Day: B.C. refinery would add value to Alberta oil


By Stockwell Day

What a difference a month makes.

In early April, media reported my comment, “watch out for Rachel Notley, head of the New Democrats. She’s a smart woman and knows what she’s doing.”

Having said that, I admit I did not anticipate she would do as well as she did. As Albertans now read the various reports of how much they have apparently lost overnight in monetary value, there is room for optimism nevertheless.

Most people agree that maximizing value for Alberta’s oil by gaining market access to the growing Asian markets is something worth pursuing. And doing so shouldn’t require taxpayer subsidies from cash-strapped governments.

This is not an easy challenge. Right now, Canada’s oil industry is entirely dependent on one customer:  the United States, where there is declining demand for our product due to increased self-sufficiency in their own market.

Alberta’s economy will continue to be at risk of losing billions of dollars every year simply because one of our most important strategic assets is increasingly stranded. Producers need another export option. The fast-growing economies in Asia are the obvious answer.

But to get there, they must go through B.C., with North America’s closest ports to Asia. So far, navigating through B.C. has been tough for industry. To get through B.C., we must recognize British Columbia — and especially First Nations in B.C. — as true partners, by demonstrating respect for them and their views about the economy and the environment.

First, we need to recognize B.C. First Nations as landowners and governments. We must recognize the true value of First Nations lands, their traditions, and their people. We must work with First Nations every step of the way — from concept to implementation — to build any resource projects on their territory.

Second, we must acknowledge British Columbia’s deep connection to the coast. British Columbians have one of the most pristine ocean coastlines in the world, and they will fiercely fight to protect it.

My father’s years as a commercial salmon fisherman in B.C. vividly underscored this for me. We saw this spirit in Vancouver, when 4,000 people immediately volunteered to help clean up after the recent spill of 14 barrels of bunker fuel in the Burrard Inlet.

Third, we must recognize that British Columbians expect real, tangible economic benefits in return for the environmental risk associated with moving oil products through their province.

Refining our bitumen before it leaves Canada’s shores addresses all three of these issues. That’s why we created Pacific Future Energy (PFEC), a company launched a year ago to address Alberta’s export challenge by building the world’s greenest refinery on Canada’s West Coast.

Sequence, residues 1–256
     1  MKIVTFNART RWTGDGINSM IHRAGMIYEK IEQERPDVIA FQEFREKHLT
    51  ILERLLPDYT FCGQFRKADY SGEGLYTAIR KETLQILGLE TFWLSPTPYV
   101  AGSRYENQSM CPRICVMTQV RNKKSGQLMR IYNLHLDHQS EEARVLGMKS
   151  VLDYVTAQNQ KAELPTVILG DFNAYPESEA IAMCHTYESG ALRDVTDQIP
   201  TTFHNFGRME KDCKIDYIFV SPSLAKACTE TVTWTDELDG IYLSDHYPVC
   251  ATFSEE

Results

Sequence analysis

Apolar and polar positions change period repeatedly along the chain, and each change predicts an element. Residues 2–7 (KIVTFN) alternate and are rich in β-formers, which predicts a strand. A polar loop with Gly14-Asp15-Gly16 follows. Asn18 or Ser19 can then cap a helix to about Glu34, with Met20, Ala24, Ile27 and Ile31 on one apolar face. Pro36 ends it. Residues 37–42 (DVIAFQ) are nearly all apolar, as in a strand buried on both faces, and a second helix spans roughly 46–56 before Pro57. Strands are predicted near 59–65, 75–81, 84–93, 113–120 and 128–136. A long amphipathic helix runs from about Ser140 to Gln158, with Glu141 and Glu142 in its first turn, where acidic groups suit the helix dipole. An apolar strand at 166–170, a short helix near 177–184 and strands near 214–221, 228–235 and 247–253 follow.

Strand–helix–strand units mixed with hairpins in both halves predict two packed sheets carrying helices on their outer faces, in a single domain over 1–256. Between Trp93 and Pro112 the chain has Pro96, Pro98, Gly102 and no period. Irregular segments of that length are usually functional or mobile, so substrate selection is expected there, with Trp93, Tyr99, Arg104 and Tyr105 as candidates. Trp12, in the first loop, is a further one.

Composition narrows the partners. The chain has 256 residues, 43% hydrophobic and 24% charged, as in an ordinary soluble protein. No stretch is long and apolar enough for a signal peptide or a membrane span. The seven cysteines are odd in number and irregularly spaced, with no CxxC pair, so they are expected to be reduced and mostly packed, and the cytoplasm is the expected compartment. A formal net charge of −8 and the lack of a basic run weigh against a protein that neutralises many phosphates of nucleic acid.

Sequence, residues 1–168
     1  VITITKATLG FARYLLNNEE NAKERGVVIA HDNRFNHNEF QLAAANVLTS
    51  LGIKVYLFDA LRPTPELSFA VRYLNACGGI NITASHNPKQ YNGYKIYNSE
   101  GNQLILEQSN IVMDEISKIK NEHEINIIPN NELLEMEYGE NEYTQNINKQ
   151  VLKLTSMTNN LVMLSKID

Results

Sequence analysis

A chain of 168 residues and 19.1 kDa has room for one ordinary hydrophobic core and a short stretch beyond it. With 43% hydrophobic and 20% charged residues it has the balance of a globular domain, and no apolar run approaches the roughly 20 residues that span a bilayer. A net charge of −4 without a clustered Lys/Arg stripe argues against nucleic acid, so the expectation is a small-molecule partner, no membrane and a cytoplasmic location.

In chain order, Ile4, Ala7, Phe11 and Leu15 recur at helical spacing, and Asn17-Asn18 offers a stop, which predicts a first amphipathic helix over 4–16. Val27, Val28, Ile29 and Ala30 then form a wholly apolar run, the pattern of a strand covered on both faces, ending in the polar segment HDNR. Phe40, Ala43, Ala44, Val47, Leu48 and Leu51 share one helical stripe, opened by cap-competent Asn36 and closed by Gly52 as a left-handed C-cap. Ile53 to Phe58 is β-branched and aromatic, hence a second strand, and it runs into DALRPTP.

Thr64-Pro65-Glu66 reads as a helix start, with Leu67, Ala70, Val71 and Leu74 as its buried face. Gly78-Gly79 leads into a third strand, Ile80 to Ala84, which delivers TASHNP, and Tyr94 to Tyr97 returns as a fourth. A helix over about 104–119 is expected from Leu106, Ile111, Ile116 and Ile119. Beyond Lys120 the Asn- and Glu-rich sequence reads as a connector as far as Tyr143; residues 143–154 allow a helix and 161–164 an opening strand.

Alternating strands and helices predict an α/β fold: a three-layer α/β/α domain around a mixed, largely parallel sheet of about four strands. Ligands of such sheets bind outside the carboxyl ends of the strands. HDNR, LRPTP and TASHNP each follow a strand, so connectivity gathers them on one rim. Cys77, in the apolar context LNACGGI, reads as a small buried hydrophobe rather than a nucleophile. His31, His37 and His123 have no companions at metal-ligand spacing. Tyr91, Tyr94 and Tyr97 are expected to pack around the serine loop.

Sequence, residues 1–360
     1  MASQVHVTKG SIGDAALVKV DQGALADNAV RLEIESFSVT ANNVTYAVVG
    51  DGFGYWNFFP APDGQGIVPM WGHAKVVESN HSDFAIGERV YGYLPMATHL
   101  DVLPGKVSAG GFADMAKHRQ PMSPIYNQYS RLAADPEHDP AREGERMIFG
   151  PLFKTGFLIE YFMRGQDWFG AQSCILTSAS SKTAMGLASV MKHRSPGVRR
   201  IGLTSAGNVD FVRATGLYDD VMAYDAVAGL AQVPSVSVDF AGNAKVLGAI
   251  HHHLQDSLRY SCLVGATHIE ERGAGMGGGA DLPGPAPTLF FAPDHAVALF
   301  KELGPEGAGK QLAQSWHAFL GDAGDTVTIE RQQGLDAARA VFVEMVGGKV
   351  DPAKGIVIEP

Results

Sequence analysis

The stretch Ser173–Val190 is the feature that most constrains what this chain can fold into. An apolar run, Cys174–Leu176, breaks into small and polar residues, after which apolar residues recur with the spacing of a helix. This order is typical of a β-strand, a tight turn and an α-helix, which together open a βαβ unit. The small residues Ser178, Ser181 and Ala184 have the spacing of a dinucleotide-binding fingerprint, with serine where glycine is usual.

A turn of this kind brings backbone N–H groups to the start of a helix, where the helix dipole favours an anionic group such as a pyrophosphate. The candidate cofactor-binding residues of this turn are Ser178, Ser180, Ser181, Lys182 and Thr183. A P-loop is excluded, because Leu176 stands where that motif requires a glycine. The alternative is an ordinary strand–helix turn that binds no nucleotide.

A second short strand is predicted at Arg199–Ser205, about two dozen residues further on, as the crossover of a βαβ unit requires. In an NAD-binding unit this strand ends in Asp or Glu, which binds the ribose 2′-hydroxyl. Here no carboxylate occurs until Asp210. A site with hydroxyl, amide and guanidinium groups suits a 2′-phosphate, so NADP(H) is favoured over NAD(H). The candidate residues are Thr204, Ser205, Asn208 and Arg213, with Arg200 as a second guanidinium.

Building this refinery will take export tankers laden with heavy oil (diluted bitumen) off of the water, replacing them with ships carrying products such as diesel or jet fuel, which have considerably less impact on the marine environment in the case of a spill. It will also create thousands of new jobs for First Nations and non-First Nations alike from across Canada in construction and operation.

PFEC’s refinery will first be built in large, super-modules in Asia, and then shipped to tidewater for assembly in Canada. While we will maximize Canadian jobs during construction, the real opportunity is with long-term, high-paying jobs over the course of the refinery’s life.

Alberta New Democrats like the idea of building refineries in Alberta instead, but it would be much more costly to build our project inland. Moving those massive modules across the Rockies to Alberta would be impossible. Building a refinery without them would add 50 to 100 per cent to the cost of construction.

Let there be no doubt: Pacific Future Energy’s refinery will make money, provide jobs for generations, release Alberta’s stranded oil, and its business plan does not depend on subsidies.

Today, dozens of refineries in the U.S. Midwest — which are almost exclusively processing Canadian bitumen — are generating over $30 profit per barrel by refining Canadian crude into products for sale in the U.S., even with low oil prices.

It’s time to repatriate some of those profits back to Canadians. I am sure that’s something that we can all agree on.

Stockwell Day — former minister of international trade, treasurer and acting premier of Alberta, and Conservative MP for Okanagan-Coquihalla — is the chair of Pacific Future Energy’s advisory board, as well as a senior adviser to the company’s management team.

Leave a Reply

Your email address will not be published.